A turning point in the digital divide
30 September 2020 at 6:23 pm
Marking International Day for Access to Information and Right To Know Week, Andrea Pearman considers the additional difficulties digitally excluded groups have experienced this year and how we can make sure COVID-19 is a turning point for them.
If we are looking for a silver lining to the pandemic, it’s that it has brought to light many of the underlying inequalities in our society, including the extent of the digital divide and the 2.5 million Australians who are stranded on the wrong side of it.
When we moved our entire lives to the home, serious gaps in digital access and digital literacy were both exposed and heightened. By the end of April 2020, internet use grew by as much as 70 per cent across the world, the use of remote desktop by 40 per cent and the use of virtual collaboration tools by more than 600 per cent. Suddenly, we were all relying on digital technology to make a living, to connect to one another and to access essential services. People without the means, knowledge, ability or confidence to transition had their ties to society severed.
Inclusive Australia spoke with The Smith Family, Community Hubs Australia and COTA about the additional difficulties digitally excluded groups – such as school children from low-income households, migrant and rural families and older Australians – have experienced this year and how we make sure COVID-19 is a turning point for them.
The Smith Family head of policy and programs Wendy Field said: “The issue of digital access needs to be considered as almost the same right as having water in your home.”
Ian Yates, COTA CEO, said: “If we’re an online society now, we need to work out how we make that inclusive.”
During the pandemic, many low-income families have struggled to find enough devices for every member of the family to work and study from home, let alone the space, internet speeds and unlimited data for everyone. On top of that, Community Hubs Australia CEO Sonja Hood said parents have been supporting their children’s online learning without training and, in some cases, with limited understanding of the English language or the education system.
“You need tech knowledge, you need to be confident in having a conversation in English and you have to have an understanding about how that exchange works,” she said.
For the one in four Australians experiencing loneliness, a lack of digital connectivity has meant increased isolation and poor access to information and services. Older Australians, in particular, who have not grown up with digital technology have had a steep learning curve, navigating the sea of information online and teaching themselves how to work, socialise, shop and access support remotely.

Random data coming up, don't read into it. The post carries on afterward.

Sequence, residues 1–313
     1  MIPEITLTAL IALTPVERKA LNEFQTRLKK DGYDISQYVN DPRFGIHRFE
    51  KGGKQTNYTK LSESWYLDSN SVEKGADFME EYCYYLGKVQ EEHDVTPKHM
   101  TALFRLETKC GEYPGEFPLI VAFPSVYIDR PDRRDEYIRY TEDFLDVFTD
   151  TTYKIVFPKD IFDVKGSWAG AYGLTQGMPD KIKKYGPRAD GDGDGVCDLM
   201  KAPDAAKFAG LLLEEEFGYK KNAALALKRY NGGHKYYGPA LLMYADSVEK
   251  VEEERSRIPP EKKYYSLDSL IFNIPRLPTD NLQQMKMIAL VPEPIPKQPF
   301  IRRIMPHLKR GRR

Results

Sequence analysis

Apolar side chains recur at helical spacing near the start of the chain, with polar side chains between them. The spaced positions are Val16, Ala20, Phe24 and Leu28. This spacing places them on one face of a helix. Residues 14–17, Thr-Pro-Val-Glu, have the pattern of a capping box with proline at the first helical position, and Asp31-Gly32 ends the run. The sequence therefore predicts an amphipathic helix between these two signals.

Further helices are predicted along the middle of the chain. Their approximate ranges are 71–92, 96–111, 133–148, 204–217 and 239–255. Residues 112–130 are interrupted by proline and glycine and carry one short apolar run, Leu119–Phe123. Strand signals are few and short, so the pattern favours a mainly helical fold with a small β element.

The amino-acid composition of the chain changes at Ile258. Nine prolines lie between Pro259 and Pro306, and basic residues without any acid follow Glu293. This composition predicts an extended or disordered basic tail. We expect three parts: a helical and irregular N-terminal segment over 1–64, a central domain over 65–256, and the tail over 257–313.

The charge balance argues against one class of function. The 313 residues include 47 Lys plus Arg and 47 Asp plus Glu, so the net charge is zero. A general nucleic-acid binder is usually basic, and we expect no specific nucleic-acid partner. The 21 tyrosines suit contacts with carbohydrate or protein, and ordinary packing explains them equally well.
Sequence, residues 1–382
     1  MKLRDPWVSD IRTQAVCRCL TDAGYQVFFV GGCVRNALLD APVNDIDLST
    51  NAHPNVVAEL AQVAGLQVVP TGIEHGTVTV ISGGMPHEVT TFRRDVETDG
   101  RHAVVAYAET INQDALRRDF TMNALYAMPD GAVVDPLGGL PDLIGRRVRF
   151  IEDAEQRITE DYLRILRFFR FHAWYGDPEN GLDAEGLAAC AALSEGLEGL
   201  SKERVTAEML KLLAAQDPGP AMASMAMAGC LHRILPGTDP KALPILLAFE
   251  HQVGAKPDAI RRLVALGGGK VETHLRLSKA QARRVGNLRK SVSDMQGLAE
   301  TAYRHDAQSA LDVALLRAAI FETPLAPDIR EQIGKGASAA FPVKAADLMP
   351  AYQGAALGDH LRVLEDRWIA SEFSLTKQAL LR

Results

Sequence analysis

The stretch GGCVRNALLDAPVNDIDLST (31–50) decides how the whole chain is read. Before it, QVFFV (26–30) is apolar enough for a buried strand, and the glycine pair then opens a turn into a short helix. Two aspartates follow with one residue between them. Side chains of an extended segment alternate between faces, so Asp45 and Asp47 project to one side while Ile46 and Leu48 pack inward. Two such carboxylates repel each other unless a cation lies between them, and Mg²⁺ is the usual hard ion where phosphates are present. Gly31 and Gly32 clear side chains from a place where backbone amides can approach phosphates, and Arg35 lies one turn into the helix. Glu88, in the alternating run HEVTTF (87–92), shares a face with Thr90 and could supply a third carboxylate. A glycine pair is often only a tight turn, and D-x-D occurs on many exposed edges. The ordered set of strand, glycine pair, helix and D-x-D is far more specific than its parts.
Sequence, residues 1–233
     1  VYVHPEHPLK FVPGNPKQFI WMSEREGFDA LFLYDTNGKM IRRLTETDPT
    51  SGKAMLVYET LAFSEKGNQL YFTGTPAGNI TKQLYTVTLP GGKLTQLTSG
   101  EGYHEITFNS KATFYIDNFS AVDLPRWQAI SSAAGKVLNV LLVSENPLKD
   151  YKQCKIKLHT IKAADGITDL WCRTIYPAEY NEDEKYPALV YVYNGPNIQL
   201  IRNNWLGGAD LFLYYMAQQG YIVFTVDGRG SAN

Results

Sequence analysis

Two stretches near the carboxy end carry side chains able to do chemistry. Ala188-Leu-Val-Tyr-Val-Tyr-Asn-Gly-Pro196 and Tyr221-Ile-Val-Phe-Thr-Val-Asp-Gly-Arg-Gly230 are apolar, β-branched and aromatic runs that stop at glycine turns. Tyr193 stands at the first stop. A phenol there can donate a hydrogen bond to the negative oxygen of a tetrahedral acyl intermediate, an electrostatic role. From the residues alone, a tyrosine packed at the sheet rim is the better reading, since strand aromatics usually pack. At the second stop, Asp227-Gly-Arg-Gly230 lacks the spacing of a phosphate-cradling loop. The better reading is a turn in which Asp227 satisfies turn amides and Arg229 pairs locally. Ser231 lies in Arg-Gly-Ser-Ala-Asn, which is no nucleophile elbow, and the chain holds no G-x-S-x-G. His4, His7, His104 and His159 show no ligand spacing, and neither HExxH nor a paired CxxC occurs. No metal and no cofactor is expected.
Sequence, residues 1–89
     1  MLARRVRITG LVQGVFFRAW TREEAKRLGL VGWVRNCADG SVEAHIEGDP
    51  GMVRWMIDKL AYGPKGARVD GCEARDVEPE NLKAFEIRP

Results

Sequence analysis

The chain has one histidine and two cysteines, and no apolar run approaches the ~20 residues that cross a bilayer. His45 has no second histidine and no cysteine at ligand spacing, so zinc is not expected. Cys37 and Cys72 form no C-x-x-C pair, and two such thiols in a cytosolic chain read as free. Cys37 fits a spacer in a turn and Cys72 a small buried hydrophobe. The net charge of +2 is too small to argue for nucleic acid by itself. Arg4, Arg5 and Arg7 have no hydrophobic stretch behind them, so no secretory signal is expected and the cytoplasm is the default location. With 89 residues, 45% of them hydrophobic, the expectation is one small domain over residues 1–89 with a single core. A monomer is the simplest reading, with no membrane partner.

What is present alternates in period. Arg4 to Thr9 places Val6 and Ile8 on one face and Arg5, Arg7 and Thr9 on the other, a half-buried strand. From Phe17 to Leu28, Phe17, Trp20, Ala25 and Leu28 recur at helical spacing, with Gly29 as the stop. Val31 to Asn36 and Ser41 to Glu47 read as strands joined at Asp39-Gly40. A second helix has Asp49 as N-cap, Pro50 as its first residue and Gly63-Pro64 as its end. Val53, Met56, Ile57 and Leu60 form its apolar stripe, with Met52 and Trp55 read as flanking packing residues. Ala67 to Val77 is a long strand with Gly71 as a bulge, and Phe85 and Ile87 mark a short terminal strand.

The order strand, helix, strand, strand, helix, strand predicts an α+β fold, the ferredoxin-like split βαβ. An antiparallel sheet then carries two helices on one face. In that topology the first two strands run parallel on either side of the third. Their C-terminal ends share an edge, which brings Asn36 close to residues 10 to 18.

“You don’t understand how important connection is until it stops,” Yates said.
“The need to facilitate, maintain and enable connection, particularly among older people, has been underlined.”
The organisations agreed that, to start to address the digital divide, we first needed to recognise the difference between digital access and literacy. Even if someone had access to the right hardware and software, and was connected to the internet, it was useless without knowing how to use it and being able to do so securely and safely.
Improving digital access meant addressing shortfalls in national digital infrastructure and services, which determined network coverage, penetration, speeds, affordability and the digitisation of services. Improving digital literacy came down to appropriate training, tech support, simple and transparent information about cyber safety and data collection, and the development of more user-friendly technology and platforms.
Yates and Hood said the public and private sectors also needed to tap into a wider range of digital channels to reach diverse groups and start co-designing websites and software with people who weren’t digitally literate.
“We have to start from the assumption that the program is not going to be accessible,” Yates said.
According to Field, it has been heartening to see the way communities, organisations and governments have already rallied to respond. With the help of supporters, The Smith Family is one of several organisations that has been working to get digital devices into homes and provide important tech support to Australians – a service which has become The Smith Family’s busiest hotline.
These are the first steps towards reaching The United Nations’ digital inclusion targets, which say broadband internet should reach 75 per cent of users worldwide by 2025 and should cost no more than 2 per cent of earnings. To achieve this, the World Economic Forum is calling on telcos, industry verticals, multinational corporations, and governmental and non-governmental organisations to mobilise to develop strategies to accelerate digital inclusion.
The impact of the pandemic on Australia’s official digital inclusion scores will be released by Telstra, RMIT University and the Centre for Social Impact at Swinburne University in the Australian Digital Inclusion Index later this year.